21-09-2018 | EYE ON GREECE | EU

21-09-2018 | EYE ON GREECE |

Friday, September 21, 2018

Plan to transfer thousands of migrants in works

Greek authorities are planning the transfer of thousands of migrants from overcrowded facilities on the Aegean islands to centers on the mainland, sources said on Wednesday as Prime Minister Alexis Tsipras held talks with visiting European Migration Commissioner Dimitris Avramopoulos about a new burgeoning refugee crisis.


IMF stands by position that pending social security cuts in Greece necessary

The IMF reiterated on Thursday that a scheduled social security spending reduction in Greece, set for January 2019, will improve the country’s prospects and send a “strong message” to investors.


Tension mounts between foreign minister, ANEL

Cracks with the ruling coalition appeared again on Thursday, with junior partner Independent Greeks (ANEL) taking issue with Foreign Minister Nikos Kotzias over his remarks that the Macedonia name deal should be ratified by the present Parliament.


Parliament approves bill to expedite rise of minimum wage

Greek parliament on Thursday voted to speed up a process to increase the minimum wage next year – a pledge heralded by Prime Minister Alexis Tsipras in late August.


Latest Pulse opinion poll gives ND 10.5% pt lead over SYRIZA; margin slightly narrower from June

Main opposition New Democracy (ND) party is given a 10.5-percentage point lead over ruling SYRIZA in the first opinion poll released after the summer by the Athens-based Skai broadcaster.


Retailer Media Markt denies it’s de-investing in Greece

MediaMarktSaturn Retail Group, a subsidiary of Germany’s Ceconomy AG, this week aimed to douse growing speculation in Greece that the electronics and white goods retailer was a reduced presence in the country. The retailer said Greece is a significant market for Media Markt, and that no de-investment scheme is envisioned.


ATHEX: Clouds gather over credit stocks again

The messages coming from the 13th Annual Greek Roadshow in London appeared to take a toll on bank stocks on Thursday, as they were hit with fresh losses, while investors will be keeping an eye out during September’s triple witching on Friday as it is considered a key indicator regarding the market’s course over the medium term.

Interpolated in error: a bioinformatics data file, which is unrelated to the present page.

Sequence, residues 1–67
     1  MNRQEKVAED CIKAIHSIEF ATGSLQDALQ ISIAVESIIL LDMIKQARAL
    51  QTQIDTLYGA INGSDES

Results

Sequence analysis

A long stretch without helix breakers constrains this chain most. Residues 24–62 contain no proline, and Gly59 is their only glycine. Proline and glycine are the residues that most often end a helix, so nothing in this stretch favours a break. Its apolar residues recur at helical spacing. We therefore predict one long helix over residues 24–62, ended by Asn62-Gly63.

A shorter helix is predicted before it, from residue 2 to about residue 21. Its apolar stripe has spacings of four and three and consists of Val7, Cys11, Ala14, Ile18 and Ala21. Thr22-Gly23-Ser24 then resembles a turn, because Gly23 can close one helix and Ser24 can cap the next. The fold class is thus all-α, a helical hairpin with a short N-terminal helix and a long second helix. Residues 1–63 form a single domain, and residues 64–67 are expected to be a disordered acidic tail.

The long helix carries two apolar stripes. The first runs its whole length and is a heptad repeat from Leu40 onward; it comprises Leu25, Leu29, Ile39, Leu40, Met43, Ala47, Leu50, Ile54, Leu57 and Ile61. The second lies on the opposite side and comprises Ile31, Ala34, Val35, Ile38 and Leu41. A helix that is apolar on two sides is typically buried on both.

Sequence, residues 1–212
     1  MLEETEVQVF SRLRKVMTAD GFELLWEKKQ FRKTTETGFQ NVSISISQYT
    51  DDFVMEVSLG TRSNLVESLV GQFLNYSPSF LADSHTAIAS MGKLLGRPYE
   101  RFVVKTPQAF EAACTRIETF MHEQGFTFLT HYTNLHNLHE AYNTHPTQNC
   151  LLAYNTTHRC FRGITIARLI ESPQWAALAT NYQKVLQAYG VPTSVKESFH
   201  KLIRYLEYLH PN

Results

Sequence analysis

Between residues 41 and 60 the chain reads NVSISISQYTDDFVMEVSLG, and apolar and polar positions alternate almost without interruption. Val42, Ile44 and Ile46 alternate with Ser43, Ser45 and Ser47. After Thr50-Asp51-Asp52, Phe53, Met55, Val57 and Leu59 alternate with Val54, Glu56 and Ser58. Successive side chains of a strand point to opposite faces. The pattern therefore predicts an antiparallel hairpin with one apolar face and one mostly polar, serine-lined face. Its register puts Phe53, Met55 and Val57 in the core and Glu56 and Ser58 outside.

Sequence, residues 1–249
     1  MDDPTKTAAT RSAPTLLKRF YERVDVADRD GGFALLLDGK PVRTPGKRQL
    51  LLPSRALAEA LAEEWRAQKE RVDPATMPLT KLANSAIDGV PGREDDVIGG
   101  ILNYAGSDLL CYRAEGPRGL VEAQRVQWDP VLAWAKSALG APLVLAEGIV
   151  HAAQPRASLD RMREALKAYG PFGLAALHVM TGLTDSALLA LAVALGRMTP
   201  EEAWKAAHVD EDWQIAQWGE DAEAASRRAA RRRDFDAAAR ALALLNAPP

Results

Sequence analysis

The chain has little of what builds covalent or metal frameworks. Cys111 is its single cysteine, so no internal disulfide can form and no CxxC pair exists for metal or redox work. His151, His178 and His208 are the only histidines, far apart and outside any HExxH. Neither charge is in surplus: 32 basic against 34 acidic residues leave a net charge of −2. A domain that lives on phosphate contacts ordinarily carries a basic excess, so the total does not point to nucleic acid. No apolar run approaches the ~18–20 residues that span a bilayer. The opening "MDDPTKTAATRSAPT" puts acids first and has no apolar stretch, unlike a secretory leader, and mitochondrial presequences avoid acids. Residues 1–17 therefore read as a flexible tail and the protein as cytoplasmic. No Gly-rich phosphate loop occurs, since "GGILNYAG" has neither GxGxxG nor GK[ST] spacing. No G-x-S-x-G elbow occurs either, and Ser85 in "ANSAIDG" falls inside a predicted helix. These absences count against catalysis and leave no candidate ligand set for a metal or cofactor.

KATHIMERINI:  The IMF increases pressure on the pensions issue

ETHNOS:  The government is now running to remove archeological spaces from the privatizations fund

TA NEA:  The government is staging… a guerilla war on the pensions issue

EFIMERIDA TON SYNTAKTON:  High surpluses, new dividend

AVGI:  Minimum wage to increase

RIZOSPASTIS:  The Communist Party event was crowded by youngsters

KONTRA NEWS:  Polling distance between New Democracy and SYRIZA at 5,2%

DIMOKRATIA:  The IMF is thirsty for blood

NAFTEMPORIKI:  IMF ‘freezes’ talks on the suspension of pensions’ slashing


IT’S THE MIGRATION: EU Brexit negotiator Michel Barnier sent a memo to EU leaders asking them to “de-dramatize” the Irish border issue. That didn’t happen. Instead, the actual de-dramatizing — fragile though it may be — at the Salzburg leaders’ meeting on Thursday happened on migration, the issue that has divided the EU far longer than Brexit.

Here’s the wrap-up …

1. Collaborating with Egypt is the new “disembarkation platforms,” which were effectively declared dead by Austrian Chancellor Sebastian Kurz when he said they “are not essential to solve the problem of illegal migration.” Kurz praised Egypt for being “efficient” and “exemplary” in dealing with illegal migration — which is of course a much easier task for a military dictatorship.

Side note I: Kurz stopped short of denying that he was the biggest advocate for returning migrants rescued at sea to Africa (via whatever you want to call the new methods), but said that “one has to be careful with the strange word creation of the ‘disembarkation platforms.’ We still haven’t found out who invented the word.”

Side note II: Does pushing migration processing offshore actually work to stem arrivals? In a new policy brief, Open Society Foundations looks at the examples of Australia, Tunisia, the U.S. and Spain — and reckons not.

2. German Chancellor Angela Merkel is on the retreat, as the idea of “flexible solidarity” among EU countries gains traction. That means, for instance, governments pouring money into the new border guard instead of taking in refugees. Juncker told Austrian media that he “made a proposal that I do not like myself: Countries that do not accept refugees should become more involved in other areas, such as funding border protection. Those who do not take refugees should at least provide for unaccompanied minors. I don’t believe that this would lead to protests on the streets in Hungary or Poland.”